"It's really a spiritual experience," she says, going on to describe how growing native plants creates natural habitats for native fauna such as bees, butterflies, and hummingbirds.
Lili Singer, special projects coordinator for the Theodore Payne Foundation in Sun Valley, Calif., designed her own native garden specifically to attract hummingbirds. A horticulturist, garden consultant and garden writer whose work has appeared in the Los Angeles Times, Singer grew up in the San Fernando valley, where she hosted a garden show on KCRW for more than a decade, and worked as the publisher and editor of The Southern California Gardener and The Gardener's Companion, both specifically focused on gardening in Southern California. Throughout her career in radio and print, she has always included native plants and endorsed the Theodore Payne Foundation, a nonprofit nursery dedicated to promoting the understanding, use and preservation of California's native flora.
"The foundation has 22 acres, most of it undeveloped, in the middle of residential," Singer explains. "It's kind of like this little oasis. We have demonstration gardens, a big retail nursery, an art gallery and an education center with programs all year."
One of the things Singer was hired to do was get the Theodore Payne Foundation into farmers markets, and she says the Hollywood Farmers' Market has made Sunday her favorite day of the week.
"We had a native coyote mint plant in there one week, and it had a flower on it. Coyote mint is a butterfly attractor, and there we were, in the middle of this urban farmers market with 7,000 people walking by and all of these booths, and butterflies came in and found the plant."
The anecdote is a testimony to Singer's belief that putting natives into home gardens may be the way to save certain species.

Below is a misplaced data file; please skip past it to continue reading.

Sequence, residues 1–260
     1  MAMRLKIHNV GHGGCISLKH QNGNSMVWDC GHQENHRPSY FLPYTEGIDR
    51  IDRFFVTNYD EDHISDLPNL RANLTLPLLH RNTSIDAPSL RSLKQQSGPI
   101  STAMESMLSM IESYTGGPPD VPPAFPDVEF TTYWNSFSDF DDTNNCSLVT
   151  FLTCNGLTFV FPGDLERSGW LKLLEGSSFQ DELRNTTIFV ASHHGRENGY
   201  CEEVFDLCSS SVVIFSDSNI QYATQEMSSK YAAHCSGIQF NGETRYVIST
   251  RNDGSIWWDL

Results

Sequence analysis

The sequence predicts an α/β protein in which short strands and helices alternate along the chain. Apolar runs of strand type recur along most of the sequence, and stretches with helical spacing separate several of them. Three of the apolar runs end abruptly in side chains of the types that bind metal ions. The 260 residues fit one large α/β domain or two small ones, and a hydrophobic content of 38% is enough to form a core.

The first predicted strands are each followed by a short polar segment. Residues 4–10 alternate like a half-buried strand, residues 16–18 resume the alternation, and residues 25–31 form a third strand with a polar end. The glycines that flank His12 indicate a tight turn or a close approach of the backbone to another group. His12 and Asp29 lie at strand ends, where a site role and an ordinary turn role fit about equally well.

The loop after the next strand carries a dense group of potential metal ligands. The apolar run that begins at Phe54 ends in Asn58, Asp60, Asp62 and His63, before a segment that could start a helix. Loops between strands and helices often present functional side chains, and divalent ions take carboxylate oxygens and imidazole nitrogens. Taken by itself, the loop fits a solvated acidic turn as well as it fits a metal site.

"Most insects will not eat non-native plants," she explains. "Butterflies will not lay their eggs on non-native plants. If we don't have those little caterpillars, we don't have birds eating them, and we don't have the birds. It's a picture of the food chain, and the fact that we've destroyed most of our wild lands means that we can't depend on that being the sanctuary for the wild animals anymore."
It's a bad state of affairs, but the good news is that Aoyagi, Lacey and Singer are all optimistic about the positive impact of native gardening, not to mention the growing interest in it. The moral of the story: Whether you're planting your own small garden or hiring a landscape design company, try going native.
California-based gardeners can check out Louise Lacey's small book, The Basics, available on her website, and those in Southern California can visit the Theodore Payne Foundation in Sun Valley. Take one of its courses, such as California Native Plant Garden Design with board member Cassy Aoyagi. Want to know more about the relationship between native flora and fauna, and how you can make them both a part of your life? Lili Singer suggests reading Bringing Nature Home: How Native Plants Sustain Wildlife in Our Gardens, by Douglas W. Tallamy.